Here are my thoughts on The Theoretical Question in the previous post.... and if you want to see more comments, I cross-posted it on Reddit, where it has kept my hit counter whirring nicely.
Let me begin with a story from a George Mason University economics professor named Russell Roberts:
"After Hurricane Isabel hit Washington D.C. in September 2003, one of my students whose husband was a contractor told me how disgusted her husband had been with the high prices people were charging for generators. Surely a contractor would want a backup energy supply, I said. Surely he had paid the high price. No, she explained, he already had a backup and had been considering buying a second backup. But at double the regular price, he passed. Someone else got that generator and I got a richer understanding of higher prices."
That encounter with a student was the genesis of Roberts' latest book, "The Price of Everything". The book begins with a hurricane. One store leaves prices alone and sells out. The other store doubles prices, which automatically acts as a rationing mechanism, but there's a near riot at the checkout line. Some university students stage a protest a few weeks later, but then....well, I hope you'll read the book.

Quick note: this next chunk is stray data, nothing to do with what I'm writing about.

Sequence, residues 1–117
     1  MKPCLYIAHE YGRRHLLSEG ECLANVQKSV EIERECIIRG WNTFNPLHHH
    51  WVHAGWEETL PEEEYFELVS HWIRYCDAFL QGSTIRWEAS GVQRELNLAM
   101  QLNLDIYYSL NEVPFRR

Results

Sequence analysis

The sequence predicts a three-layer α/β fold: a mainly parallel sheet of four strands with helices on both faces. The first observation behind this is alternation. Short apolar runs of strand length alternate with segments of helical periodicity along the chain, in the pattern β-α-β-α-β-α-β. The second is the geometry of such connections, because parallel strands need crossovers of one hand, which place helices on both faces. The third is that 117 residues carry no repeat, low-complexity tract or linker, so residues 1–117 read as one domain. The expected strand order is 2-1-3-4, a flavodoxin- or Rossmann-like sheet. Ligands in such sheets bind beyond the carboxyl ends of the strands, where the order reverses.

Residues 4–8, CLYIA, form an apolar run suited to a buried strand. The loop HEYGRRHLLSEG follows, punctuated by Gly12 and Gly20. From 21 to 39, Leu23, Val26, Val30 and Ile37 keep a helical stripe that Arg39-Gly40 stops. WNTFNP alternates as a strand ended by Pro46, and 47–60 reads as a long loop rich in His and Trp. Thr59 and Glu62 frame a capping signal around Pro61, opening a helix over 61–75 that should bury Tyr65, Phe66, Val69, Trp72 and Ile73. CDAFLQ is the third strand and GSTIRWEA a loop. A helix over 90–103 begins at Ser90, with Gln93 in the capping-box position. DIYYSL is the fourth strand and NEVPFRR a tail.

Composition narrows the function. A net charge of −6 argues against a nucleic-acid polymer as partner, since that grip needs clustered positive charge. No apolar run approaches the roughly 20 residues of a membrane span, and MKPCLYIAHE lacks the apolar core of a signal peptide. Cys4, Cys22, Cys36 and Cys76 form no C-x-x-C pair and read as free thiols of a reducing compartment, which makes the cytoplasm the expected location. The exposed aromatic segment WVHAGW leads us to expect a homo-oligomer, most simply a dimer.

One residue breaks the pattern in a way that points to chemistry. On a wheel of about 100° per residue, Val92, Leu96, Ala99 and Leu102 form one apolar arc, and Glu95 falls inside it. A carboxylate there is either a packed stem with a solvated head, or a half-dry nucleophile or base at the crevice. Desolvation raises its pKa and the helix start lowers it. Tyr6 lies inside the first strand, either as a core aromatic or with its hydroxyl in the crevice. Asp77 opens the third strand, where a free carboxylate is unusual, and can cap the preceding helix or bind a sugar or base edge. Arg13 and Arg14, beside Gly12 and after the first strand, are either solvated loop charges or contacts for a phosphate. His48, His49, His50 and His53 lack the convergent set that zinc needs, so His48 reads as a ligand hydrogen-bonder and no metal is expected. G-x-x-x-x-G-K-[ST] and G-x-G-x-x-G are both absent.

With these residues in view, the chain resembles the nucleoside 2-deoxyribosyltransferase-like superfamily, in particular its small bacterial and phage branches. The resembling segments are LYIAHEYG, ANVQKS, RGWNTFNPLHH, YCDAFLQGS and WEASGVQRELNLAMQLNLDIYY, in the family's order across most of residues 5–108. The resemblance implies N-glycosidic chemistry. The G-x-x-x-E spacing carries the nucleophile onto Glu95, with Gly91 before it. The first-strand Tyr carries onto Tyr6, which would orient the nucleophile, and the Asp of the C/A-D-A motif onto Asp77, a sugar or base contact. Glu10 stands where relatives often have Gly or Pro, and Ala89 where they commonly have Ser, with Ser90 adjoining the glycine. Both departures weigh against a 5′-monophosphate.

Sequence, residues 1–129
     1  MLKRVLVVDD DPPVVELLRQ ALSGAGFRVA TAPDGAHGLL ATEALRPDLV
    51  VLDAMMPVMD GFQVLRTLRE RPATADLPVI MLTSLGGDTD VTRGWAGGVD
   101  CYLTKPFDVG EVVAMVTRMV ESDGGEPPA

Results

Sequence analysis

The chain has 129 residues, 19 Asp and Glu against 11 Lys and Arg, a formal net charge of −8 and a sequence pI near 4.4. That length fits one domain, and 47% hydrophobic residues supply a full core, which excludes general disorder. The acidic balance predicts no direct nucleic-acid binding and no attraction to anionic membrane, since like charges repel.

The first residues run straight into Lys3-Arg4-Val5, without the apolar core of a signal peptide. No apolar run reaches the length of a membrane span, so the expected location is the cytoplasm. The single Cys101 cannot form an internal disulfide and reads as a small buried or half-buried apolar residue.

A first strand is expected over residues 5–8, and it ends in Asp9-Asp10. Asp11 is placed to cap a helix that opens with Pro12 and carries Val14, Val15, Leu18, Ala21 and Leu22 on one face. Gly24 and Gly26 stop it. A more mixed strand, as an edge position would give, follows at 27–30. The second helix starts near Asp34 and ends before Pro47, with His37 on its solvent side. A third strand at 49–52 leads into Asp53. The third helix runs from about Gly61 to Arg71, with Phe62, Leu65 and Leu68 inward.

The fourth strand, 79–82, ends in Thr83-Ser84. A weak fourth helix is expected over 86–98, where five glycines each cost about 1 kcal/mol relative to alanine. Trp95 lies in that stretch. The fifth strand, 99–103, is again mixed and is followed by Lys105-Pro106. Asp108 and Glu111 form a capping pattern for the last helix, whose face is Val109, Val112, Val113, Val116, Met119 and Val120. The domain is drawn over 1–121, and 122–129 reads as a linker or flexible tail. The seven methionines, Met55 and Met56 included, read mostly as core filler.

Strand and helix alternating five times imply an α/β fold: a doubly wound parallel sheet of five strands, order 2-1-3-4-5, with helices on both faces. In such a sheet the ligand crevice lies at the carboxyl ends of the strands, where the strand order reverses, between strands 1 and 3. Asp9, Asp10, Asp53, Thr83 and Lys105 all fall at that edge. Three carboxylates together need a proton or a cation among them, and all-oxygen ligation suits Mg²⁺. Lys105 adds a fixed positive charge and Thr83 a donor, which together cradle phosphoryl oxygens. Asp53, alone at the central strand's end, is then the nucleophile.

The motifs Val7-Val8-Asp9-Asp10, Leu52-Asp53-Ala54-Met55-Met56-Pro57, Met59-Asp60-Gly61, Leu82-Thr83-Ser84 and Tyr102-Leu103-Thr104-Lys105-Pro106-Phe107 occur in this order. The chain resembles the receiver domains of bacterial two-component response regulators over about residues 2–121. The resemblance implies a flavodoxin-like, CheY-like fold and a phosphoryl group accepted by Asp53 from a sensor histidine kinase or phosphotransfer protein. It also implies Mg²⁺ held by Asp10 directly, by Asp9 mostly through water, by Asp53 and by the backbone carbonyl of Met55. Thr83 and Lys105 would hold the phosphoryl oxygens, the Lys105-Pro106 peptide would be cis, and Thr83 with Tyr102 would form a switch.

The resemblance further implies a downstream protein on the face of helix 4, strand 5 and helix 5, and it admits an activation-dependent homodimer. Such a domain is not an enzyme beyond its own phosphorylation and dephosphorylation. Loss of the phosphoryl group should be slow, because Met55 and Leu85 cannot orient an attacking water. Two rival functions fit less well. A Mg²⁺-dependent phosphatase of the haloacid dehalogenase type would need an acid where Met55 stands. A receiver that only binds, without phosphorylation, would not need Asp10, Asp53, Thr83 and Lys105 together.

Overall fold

It's not the best-written book I've ever read, but when I finished it I immediately turned back to page one and plowed through it again.
Do you every wonder why the shelves in our supermarkets are full? Ever wonder why countries afflicted with the blessings of communism had supermarket shelves that were mostly empty? Ever wonder why we don't have to wait in long lines for gasoline, or endure rationing like we did in the early 1970's? Ever wonder why the minimum wage in Cuba is somewhere near $14.00 (PER MONTH !!) ??
Do you want to know how to ensure that more people will die during a famine? Legislate artificially low prices. Want to keep people from delivering water to drought stricken areas? Put anti-gouging laws into place.
Do you ever wonder why we can simply go out and buy our basic necessities?
It's because our (somewhat) Free Market Economy allows prices to go up when there's a shortage, and decline when there's a glut. We don't have an idiotic Flashlight Czar (yet), setting flashlight prices all over the country based on hours of darkness, hurricanes, or electrical problems. People can charge whatever they want to for flashlights. Therefore, when you really, really need see in the dark, somebody out there is probably willing to sell you a flashlight.
So, according to Professor Roberts, not only was the Big Store doing the right thing economically when it doubled its prices after the hurricane, it was doing the right thing logically, socially, and morally.
Once again, the book is called The Price of Everything: A Parable of Possibility and Prosperity, by Russell Roberts.
Professor Roberts also blogs at Cafe Hayek, which I wish was read daily by everyone eligible to vote.